July 30, 2015 | Authored by: Vindicia Team Blogs
Best practices for maintaining a lucrative subscription billing model
Subscription billing is a great model, but like any business strategy, it presents some challenges. Subscription models guarantee repeated revenue. On the other hand, recurring payments bring an additional set of issues. Whether you choose freemium, frequent or infrequent subscriptions, there are a number of best practices you need to keep in mind to maintain a successful and growing business.
Identify and monitor metrics
Each business model is unique, but one aspect they all have in common is the necessity of monitoring metrics. Average revenue per user (ARPU), average revenue per paying user (ARPPU), average customer lifetime value (ACLV) and monthly recurring revenue (MRR) are just a few of the metrics that you'll want to keep an eye on, depending on which model you pursue. Track these against customer acquisition costs, and make sure you're achieving return on investment.
Gain insight into customer base and purchase patterns
Understanding customer behavior is key, especially in the subscription space. As a webinar from Elastic Path pointed out, since customers pay for these models over a longer term, they expect a lot from subscription services. Companies can gain insight from behavioral data to make a more seamless customer experience, from purchase to use of the product.
"Companies need to use behavioral data to make the customer experience as seamless as possible."
Through analytics, business owners have great insight into what customers want, which can help businesses anticipate their needs.
Keeping in touch with your customer base is an essential part of maintaining your subscribers, whether it's updating them about new features, remarketing to past subscribers or notifying customers of payment errors. Proper branding and effective communication in your messages can help your customers get excited about your brand, but it also may prevent customers from issuing chargebacks if they're unsure of where a bill came from. All in all, clear and effective communication is key to maintaining a successful subscription business.
Add value to products and services
To keep current customers engaged, you need to keep things engaging for them. Make sure your product is always improving. Subscription services like Spotify and Netflix are popular because they consistently find ways to improve their offerings. For instance, Spotify continues to improve its discovery system, allowing users to browse playlists based on moods and genres. It also generates recommendations based on what customers have previously listened to. A static product is going to lose subscribers over time, and it certainly won't attract new ones. This includes adding different subscription offerings to your catalogue. As your customer base grows, continue to provide more choices so that subscribers can easily switch to another plan that better suits their needs.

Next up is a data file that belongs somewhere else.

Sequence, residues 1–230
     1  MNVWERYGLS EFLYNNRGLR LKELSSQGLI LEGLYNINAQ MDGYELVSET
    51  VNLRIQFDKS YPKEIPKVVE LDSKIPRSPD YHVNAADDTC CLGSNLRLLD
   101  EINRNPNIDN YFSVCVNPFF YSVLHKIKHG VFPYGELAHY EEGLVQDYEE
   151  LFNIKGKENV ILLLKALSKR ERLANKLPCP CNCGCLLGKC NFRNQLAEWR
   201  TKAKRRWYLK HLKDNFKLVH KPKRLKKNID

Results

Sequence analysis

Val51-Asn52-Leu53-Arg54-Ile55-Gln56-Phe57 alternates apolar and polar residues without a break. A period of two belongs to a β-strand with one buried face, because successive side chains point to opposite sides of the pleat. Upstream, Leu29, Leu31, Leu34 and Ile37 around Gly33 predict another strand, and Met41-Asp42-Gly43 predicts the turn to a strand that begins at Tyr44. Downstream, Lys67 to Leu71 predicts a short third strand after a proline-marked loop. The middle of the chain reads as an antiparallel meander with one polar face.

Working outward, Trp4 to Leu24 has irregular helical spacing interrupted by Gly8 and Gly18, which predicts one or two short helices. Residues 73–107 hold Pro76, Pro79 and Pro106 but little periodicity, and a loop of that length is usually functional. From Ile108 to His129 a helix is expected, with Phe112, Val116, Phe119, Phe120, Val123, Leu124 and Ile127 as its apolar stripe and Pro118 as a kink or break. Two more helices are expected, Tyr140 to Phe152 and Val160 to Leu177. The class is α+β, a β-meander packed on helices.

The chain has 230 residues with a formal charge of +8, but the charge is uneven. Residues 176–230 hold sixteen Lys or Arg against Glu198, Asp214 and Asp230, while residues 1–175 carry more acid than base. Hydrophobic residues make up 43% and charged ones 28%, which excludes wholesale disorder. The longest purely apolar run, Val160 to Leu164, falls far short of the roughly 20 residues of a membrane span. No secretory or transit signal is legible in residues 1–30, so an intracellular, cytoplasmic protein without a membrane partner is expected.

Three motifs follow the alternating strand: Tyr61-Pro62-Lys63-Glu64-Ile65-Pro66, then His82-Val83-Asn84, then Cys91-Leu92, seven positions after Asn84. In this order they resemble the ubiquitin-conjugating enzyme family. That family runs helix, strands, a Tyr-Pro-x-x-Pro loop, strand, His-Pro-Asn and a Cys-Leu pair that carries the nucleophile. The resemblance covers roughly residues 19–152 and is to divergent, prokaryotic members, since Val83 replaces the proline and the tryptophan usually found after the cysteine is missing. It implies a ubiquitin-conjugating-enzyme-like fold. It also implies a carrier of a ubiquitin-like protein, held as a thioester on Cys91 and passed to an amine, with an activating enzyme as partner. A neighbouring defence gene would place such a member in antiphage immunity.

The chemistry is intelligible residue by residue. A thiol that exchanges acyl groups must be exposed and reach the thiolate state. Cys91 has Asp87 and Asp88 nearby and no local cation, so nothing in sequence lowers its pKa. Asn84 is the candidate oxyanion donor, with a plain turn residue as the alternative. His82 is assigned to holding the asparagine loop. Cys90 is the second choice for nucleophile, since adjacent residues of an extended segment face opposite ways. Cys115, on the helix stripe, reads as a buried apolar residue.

The subscription space is growing, but that also means the environment changes quickly. It's important to keep up to date with industry changes or face falling behind. You don't want to share a similar fate to Redbox Instant, which jumped into the market too late to compete with Netflix and didn't have a great business model to boot, as N Screen Media pointed out. As other platforms developed video on demand, Netflix jumped ahead again by offering original programming. In this fast moving space, you need to keep your finger on the pulse of what's next.
Evolve quickly to achieve growth.
Keep churn at a minimum
One of the biggest challenges of the subscription space is keeping up with outdated card information. When customers cancel a card, it doesn't always occur to them to update the data on every platform. Unfortunately for businesses, this can mean dropped payments. To prevent this problem, incorporate retry logic to recapture some of the failed transactions and make it easy to maintain your subscribers. Not only does this help you reduce churn, it makes things easier for your customers, which is one of the primary tenets of client care.
At it's core, the subscription model puts the customer first. To ensure business growth, you need to continue adding features to engage your customers, keep on top of trends, communicate effectively and make it easy for them to stay customers.